For many of us, the most we know of “burnt offerings” is from the jokes which are told by husbands pertaining to the “burnt offerings” of their wives. The ancient Israelite knew much more about burnt offerings, much thanks to the Book of Leviticus. The burnt offering is the first, and one of the most significant offerings.
The burnt offering, along with the others described in Leviticus 1-7, was offered on the bronze altar of burnt offering, the plans for which God gave Moses in the Book of Exodus:
And you shall make the altar of acacia wood, five cubits long and five cubits wide; the altar shall be square, and its height shall be three cubits. And you shall make its horns on its four corners; its horns shall be of one piece with it, and you shall overlay it with bronze. And you shall make its pails for removing its ashes, and its shovels and its basins and its forks and its fire pans; you shall make all its utensils of bronze. And you shall make for it a grating of network of bronze; and on the net you shall make four bronze rings at its four corners. And you shall put it beneath, under the ledge of the altar, that the net may reach halfway up the altar. And you shall make poles for the altar, poles of acacia wood, and overlay them with bronze. And its poles shall be inserted into the rings, so that the poles shall be on the two sides of the altar when it is carried. You shall make it hollow with planks; as it was shown to you in the mountain, so they shall make it (Exod. 27:1-8; cf. also 38:1-7).
The altar for the burnt offerings was thus made of acacia wood, overlaid with bronze, being nearly 8 feet square and about 4 and a half feet high.21 It was a very large altar indeed, but certainly not too large considering the large number of sacrifices and offerings which it was required to facilitate.
As one entered the courtyard of the tabernacle through the gate, the altar of burnt offering would be the first of the tabernacle furnishings to be encountered as one approached the tabernacle proper. To the left of the altar would be the ash heap, where the ashes from the altar were placed (cf. Lev. 1:16). Between the altar and the tabernacle doorway was the bronze laver (30:17-21; 38:8), where Aaron and his sons cleansed themselves. Then, there was the doorway to the tabernacle. Since the altar was located at the approach to the tabernacle, the sacrifices enabled men to draw near to God who dwelt in the tabernacle, and who spoke to Moses from within it (Lev. 1:1).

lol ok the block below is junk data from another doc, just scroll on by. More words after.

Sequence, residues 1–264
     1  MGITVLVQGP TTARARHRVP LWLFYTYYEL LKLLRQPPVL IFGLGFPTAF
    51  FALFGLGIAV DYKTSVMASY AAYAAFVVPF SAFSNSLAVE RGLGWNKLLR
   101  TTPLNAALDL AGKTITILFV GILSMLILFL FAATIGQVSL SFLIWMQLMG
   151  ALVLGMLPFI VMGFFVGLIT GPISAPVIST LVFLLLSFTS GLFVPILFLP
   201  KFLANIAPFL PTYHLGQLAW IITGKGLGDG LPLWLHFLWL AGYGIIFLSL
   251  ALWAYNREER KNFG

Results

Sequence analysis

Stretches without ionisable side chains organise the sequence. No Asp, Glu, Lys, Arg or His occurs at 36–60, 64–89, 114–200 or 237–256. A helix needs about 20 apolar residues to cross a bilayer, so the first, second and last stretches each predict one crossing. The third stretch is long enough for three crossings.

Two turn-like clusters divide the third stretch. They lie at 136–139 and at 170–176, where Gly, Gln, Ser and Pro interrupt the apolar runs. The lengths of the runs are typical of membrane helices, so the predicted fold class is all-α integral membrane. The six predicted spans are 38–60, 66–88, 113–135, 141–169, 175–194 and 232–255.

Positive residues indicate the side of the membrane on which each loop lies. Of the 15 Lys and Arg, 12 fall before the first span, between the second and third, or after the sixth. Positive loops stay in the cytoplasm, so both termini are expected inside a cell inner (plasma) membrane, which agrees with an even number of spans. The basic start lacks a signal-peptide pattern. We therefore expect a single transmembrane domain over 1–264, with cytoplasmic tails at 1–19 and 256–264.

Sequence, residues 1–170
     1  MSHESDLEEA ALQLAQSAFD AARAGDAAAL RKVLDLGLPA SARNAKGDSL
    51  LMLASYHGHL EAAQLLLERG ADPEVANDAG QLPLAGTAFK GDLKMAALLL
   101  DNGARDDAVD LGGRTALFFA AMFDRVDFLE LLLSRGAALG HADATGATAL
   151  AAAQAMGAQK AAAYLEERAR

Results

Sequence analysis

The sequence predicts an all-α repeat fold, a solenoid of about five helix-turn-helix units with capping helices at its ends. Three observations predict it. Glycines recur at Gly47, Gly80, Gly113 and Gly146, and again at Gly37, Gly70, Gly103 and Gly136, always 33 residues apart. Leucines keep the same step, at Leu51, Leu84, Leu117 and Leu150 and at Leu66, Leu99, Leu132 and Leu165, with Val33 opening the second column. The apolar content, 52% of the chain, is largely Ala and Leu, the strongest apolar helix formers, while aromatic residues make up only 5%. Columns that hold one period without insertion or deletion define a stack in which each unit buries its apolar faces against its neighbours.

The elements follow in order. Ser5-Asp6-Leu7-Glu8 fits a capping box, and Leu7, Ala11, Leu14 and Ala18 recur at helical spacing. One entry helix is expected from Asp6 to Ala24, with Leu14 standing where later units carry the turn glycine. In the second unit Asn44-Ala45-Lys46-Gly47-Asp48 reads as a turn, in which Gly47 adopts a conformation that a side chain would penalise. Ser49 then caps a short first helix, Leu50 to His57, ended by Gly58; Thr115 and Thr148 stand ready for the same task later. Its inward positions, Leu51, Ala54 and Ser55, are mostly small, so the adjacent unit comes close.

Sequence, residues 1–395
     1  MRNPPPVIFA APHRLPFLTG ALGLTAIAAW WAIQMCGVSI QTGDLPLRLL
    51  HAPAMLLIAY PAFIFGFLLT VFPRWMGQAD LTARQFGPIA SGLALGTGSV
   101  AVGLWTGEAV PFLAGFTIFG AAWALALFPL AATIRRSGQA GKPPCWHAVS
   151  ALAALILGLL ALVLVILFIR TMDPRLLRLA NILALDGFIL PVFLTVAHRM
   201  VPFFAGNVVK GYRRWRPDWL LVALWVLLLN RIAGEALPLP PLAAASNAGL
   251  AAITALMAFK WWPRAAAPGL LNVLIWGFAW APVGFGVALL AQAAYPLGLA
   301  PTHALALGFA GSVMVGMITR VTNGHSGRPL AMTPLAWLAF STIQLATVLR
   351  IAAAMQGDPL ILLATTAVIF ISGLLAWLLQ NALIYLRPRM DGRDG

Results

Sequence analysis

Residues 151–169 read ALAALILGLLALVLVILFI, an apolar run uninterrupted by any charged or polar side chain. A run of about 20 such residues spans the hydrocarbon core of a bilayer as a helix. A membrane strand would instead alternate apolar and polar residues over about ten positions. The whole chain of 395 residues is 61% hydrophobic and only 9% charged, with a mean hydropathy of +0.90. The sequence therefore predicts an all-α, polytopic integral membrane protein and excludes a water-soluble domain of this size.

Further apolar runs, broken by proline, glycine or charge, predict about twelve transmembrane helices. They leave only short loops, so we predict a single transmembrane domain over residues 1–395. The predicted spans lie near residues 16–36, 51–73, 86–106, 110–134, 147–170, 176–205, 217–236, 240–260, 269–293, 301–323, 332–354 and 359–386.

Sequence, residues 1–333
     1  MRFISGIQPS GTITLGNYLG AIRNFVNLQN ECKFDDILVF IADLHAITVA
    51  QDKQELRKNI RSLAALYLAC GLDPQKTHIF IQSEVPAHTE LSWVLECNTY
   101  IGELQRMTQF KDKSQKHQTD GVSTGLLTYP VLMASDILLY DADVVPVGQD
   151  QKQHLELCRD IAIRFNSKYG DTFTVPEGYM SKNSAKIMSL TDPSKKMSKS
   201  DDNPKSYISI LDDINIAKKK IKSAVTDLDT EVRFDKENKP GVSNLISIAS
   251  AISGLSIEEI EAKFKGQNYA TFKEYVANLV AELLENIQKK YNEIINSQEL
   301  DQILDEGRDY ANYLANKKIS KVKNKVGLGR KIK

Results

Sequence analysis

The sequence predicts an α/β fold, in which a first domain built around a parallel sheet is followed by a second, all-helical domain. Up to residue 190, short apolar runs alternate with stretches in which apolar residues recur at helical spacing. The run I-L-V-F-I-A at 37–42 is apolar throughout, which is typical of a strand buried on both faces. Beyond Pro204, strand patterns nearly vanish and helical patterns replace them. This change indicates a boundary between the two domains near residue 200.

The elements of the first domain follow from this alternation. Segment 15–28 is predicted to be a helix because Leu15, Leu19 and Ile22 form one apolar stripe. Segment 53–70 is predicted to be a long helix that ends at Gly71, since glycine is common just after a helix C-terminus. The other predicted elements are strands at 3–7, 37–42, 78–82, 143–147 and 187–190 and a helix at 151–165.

The purpose of this lesson is to study the first of the sacrifices regulated by chapters 1-7 of Leviticus. We will first make several observations about this sacrifice; then we will attempt to pursue the meaning of the burnt offering for the Israelite, and then we will seek to determine its meaning and application to the New Testament Christian.
As we seek to study the sacrifices of Leviticus, we will focus on two aspects of each. First, we will seek to see the continuity of one sacrifice to the rest. That is, we will seek to learn how a particular sacrifice is like the others. Secondly, we will seek to discern the unique contribution of each sacrifice. That is, we will attempt to determine how each sacrifice is distinct and unique from the others. I believe this two-fold approach will provide us with the key to understanding the sacrifices.